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CDPJ, JCP emphasize ‘united front’ in Tokyo assembly election

  • July 5, 2021
  • , The Japan News , 6:18 p.m.
  • English Press
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The Yomiuri Shimbun / Akira Koike, head of the secretariat of the Japanese Communist Party, speaks in support of a candidate fielded by the Constitutional Democratic Party of Japan in Musashino, Tokyo, on July 1.

The recent election for the Tokyo Metropolitan Assembly has cast a spotlight on the united front presented by the Constitutional Democratic Party of Japan and the Japanese Communist Party.

 

However, the CDPJ, the No. 1 opposition party in national politics, did not win as many seats as the JCP. As a result, the two parties are expected to struggle to coordinate their candidates in the upcoming election for the House of Representatives.

 

“We won a certain amount of support,” CDPJ Secretary General Tetsuro Fukuyama said Sunday night about the results of the Tokyo assembly election.

 

However, Yoshio Tezuka, secretary general of the Tokyo chapter of the CDPJ, expressed the prevailing view in the party when he said, “We were unable, as the No. 1 opposition party, to fully be a receptacle [for criticism of the administration].”

 

The CDPJ and the JCP coordinated their activities so that a candidate from one or the other would run in each of the five single-seat electoral districts, except for two districts where neither fielded a candidate. Among the 15 two-seat districts, candidates of the two parties competed with each other in only three.

 

They thereby sought to marshal votes critical of the administration in their favor, while avoiding harming each other.

 

The JCP won more seats than it held before the election. Looking back on the campaign, party Chairman Kazuo Shii said, “Voters responded to our appeals to attach more importance to peoples’ lives than [holding] the Tokyo Games.”

 

The CDPJ stressed the party’s confrontational stance toward the administration led by Prime Minister Yoshihide Suga, appealing for the postponement or cancellation of the Tokyo Olympic and Paralympic Games. However, its assertions were given little heed among the confrontation between the Liberal Democratic Party and its national coalition partner Komeito, and regional party Tomin First no Kai.

 

Unable to capitalize on voters’ criticism of the administration, the CDPJ saw a number of its candidates lose in close races with rivals, including candidates fielded by the JCP, in multiple-seat districts.

 

CDPJ leader Yukio Edano and Shii agreed in April to start negotiations aimed at forming a united front for the coming lower house election. But more than two months later, those talks have not begun yet.

 

The JCP is pressing the CDPJ to reach a policy accord aimed at an “opposition parties-united administration,” but the CDPJ has been unenthusiastic. This is because shades of communism would certainly alienate conservative voter.

 

Also, CDPJ supporter Rengo (the Japanese Trade Union Confederation) strongly rejects the JCP.

 

Now that the Tokyo metropolitan assembly election is over, the two parties are expected to start negotiations shortly.

 

Speaking about the Tokyo assembly election, Edano said, in an apparent bid to forestall trouble, “I understand there will be various repercussions, but we have to differentiate a local government election from a national election.”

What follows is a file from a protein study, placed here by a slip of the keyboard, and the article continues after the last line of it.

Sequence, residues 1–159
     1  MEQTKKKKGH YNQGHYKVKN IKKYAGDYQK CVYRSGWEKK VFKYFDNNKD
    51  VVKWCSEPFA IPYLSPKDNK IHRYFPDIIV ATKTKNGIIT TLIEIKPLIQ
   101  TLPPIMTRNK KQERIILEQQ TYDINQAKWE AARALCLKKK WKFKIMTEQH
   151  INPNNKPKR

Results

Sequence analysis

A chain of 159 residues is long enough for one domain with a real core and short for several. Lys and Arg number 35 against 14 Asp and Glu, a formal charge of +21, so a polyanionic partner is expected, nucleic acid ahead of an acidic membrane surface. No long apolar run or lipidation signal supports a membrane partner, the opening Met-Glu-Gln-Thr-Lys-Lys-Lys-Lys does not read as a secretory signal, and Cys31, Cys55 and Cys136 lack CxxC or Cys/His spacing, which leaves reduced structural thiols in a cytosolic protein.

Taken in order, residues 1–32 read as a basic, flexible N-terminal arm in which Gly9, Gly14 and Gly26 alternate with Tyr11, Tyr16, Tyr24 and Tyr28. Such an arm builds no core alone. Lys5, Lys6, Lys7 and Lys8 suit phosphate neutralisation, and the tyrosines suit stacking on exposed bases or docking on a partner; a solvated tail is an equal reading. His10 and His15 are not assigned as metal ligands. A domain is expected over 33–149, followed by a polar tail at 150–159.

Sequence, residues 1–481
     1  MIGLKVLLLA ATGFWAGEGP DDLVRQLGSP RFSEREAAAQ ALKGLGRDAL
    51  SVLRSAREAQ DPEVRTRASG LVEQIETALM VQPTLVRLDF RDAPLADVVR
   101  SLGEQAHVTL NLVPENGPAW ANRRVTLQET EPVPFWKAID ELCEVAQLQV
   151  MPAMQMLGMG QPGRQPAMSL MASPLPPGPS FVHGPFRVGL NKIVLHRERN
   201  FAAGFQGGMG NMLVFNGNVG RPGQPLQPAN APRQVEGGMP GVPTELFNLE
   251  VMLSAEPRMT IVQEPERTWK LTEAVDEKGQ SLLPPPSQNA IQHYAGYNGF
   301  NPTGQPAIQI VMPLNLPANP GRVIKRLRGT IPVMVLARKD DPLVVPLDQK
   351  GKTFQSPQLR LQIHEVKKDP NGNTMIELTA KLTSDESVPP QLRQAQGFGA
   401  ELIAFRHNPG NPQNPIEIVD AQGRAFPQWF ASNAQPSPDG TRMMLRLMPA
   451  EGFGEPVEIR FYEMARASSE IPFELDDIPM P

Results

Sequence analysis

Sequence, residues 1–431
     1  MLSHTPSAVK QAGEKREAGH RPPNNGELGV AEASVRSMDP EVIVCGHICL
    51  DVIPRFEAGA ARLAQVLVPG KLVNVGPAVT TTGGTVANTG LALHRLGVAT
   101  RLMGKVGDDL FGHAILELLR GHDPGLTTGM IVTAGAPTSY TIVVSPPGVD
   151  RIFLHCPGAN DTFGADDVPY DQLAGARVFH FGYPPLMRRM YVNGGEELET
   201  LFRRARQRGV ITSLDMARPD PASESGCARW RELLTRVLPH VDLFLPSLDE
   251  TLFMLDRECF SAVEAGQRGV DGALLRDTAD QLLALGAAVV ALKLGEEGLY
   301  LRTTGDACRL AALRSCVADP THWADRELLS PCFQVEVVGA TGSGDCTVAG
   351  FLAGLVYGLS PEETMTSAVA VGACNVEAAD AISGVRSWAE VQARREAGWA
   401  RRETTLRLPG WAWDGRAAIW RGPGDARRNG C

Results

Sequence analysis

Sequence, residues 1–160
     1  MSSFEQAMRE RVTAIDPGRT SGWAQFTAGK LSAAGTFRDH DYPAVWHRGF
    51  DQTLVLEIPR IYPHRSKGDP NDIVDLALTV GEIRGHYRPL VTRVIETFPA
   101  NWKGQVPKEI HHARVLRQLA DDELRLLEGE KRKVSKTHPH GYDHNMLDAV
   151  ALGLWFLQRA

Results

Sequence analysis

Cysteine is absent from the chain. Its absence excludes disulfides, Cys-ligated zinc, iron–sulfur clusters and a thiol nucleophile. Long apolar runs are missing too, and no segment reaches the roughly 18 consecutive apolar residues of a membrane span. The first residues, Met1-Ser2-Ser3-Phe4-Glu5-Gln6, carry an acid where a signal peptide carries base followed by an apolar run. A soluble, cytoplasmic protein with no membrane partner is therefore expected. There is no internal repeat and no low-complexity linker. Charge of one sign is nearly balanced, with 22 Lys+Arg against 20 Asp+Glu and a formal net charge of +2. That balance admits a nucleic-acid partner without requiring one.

A senior CDPJ official expressed heightened caution, saying, “The JCP, which has strengthened its presence [in the latest election], could become so self-confident that the party might not readily agree to withdraw its candidates.”

 

■ Perfect record for Komeito

 

For the eighth election in a row, Komeito’s candidates all won their seats in the Tokyo Metropolitan Assembly.

 

Although the party was unable to campaign in the way it hoped due to the novel coronavirus pandemic, a Diet member was assigned to support its candidates in each district, thus uncovering potential votes.

 

It was in a metropolitan assembly election that the Political Federation for Clean Government, the predecessor of Komeito, first gained a foothold for entering national politics. Therefore, the party has traditionally given assembly elections its highest priority.

 

However, due to the impact of the pandemic, the activities of Soka Gakkai, the lay Buddhist organization that supports the party, were considerably restricted this time around. Soka Gakkai abandoned plans to conduct what it calls “nationwide support,” in which members from various parts of the country come to Tokyo during the holiday-studded Golden Week in spring to rally support from acquaintances who live in Tokyo.

 

Party chief Natsuo Yamaguchi openly displayed alarm, saying, “It was quite an unusual election, even in our long history.”

 

The party therefore drew on its status as a ruling coalition member and touted its success in promoting vaccinations against the novel coronavirus. It also emphasized its differences with Tomin First, which has no Diet members, while intensifying its criticism of the JCP and other opposition parties.

 

In the final phase of the campaign, the party sent senior executives, including Yamaguchi and Secretary General Keiichi Ishii, to such closely contested electoral districts as the constituencies of Toshima, Nakano, and Meguro wards to back its candidates there and consolidate support.

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